Even though most Kurds still hail him as a hero, Ocalan’s imprisonment has inevitably altered his general disposition. While he has always been politically inclined, at his core he is not a politician but a fighter. At Imrali he has been reduced to having to act as a politician, which makes him dependent on the government as well as the political wing of the Kurdish movement. Nonetheless, he carries the burden of maintaining an appearance of a fighter to keep a strong public image. This was easier for him in the past as he had led the PKK with an iron fist before his capture, to the extent of even alienating his brother Osman.
Before the HDP, the Kurds had established many political parties, including HADEP, DEHAP, DTP and BDP. However, all of these parties were constrained and most were closed down. In 2012, the Kurdish movement unveiled the HDP with the goal of appealing to a broader audience beyond the Kurdish areas. Selahattin Demirtas, the HDP’s co-leader alongside Figen Yuksekdag, serves as the main public face of the party. His oratorical skills are excellent, making him one of the most charismatic faces in Turkish politics. Although the HDP exercises no direct control over the PKK and has no military power, it does have parliamentary representation and therefore a channel to communicate with non-Kurds and the international community.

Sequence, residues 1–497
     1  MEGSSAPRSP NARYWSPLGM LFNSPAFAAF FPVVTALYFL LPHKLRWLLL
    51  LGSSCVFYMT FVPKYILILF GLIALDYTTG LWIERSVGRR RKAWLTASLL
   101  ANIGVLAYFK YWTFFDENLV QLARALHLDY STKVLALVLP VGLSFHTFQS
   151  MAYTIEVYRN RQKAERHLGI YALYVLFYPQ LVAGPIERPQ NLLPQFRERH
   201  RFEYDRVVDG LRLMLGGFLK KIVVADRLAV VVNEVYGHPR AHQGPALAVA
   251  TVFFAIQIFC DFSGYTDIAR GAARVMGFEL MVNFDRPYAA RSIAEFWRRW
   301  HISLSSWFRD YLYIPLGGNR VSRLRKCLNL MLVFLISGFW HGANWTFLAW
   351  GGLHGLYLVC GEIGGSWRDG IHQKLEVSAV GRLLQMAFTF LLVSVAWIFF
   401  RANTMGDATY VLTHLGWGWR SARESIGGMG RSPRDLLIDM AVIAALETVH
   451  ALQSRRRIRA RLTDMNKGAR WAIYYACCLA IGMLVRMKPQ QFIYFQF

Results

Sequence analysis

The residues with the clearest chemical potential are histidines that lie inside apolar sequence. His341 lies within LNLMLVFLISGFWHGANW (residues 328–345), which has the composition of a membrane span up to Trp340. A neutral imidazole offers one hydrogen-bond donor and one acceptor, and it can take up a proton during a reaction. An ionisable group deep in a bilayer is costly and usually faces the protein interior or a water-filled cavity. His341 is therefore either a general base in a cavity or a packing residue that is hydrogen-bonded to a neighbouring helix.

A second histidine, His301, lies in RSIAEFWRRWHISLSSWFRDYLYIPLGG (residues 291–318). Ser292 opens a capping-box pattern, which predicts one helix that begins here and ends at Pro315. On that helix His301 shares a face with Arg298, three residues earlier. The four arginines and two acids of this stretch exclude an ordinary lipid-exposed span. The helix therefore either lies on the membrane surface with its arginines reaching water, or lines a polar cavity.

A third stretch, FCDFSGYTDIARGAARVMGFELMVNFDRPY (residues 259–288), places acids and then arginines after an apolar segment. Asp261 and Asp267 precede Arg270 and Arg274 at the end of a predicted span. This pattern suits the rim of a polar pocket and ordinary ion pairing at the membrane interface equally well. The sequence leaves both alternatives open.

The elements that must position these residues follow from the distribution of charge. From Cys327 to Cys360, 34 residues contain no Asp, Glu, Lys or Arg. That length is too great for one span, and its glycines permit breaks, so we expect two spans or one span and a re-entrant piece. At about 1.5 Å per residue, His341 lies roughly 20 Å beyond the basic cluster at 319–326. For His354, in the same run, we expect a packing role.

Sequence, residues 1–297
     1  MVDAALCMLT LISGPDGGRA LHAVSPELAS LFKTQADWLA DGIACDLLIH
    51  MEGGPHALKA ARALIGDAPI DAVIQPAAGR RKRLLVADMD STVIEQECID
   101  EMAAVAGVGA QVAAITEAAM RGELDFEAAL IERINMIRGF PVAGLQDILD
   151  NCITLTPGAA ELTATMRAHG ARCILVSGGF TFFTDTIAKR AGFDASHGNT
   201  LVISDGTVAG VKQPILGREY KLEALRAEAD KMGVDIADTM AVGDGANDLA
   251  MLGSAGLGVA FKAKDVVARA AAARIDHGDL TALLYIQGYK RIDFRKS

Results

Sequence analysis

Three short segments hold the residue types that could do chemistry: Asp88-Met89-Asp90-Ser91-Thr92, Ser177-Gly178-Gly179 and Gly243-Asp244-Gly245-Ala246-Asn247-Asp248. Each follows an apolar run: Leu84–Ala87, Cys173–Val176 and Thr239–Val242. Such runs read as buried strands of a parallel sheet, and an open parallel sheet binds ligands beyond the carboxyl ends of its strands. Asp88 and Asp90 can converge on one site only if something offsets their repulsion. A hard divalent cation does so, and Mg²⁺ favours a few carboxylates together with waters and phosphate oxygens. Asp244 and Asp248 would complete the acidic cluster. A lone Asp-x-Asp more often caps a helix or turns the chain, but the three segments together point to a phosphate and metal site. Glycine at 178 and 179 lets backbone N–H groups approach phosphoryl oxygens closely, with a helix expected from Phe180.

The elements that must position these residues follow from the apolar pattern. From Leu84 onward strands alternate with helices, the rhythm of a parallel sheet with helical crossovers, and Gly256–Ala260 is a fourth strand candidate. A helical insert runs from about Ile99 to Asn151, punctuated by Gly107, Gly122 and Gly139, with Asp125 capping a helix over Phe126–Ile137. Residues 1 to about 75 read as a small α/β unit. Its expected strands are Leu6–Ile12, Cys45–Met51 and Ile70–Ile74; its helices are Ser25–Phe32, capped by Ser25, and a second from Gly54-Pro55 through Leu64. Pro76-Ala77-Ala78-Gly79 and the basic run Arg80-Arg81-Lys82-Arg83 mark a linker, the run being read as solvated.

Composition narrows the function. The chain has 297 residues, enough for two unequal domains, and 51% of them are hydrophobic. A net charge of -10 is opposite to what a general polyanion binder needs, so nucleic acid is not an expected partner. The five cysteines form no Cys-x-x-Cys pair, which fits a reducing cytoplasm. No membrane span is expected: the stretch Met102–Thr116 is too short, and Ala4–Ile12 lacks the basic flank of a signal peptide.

Internal Struggle and Contradictions
While the PKK and the HDP maintain a degree of distance from each other, the PKK is a fundamental element in the Kurdish problem and the HDP cannot separate itself from it. Although the political wing is also essential, the PKK predates all contemporary Kurdish political parties in Turkey. Accordingly, many defining characteristics of the Kurdish movement were present before modern Kurdish parties emerged. For example, the PKK’s leftist tendencies have deeply influenced the political wing’s narrative and the HDP’s great emphasis on gender equality can be traced back to these initial choices.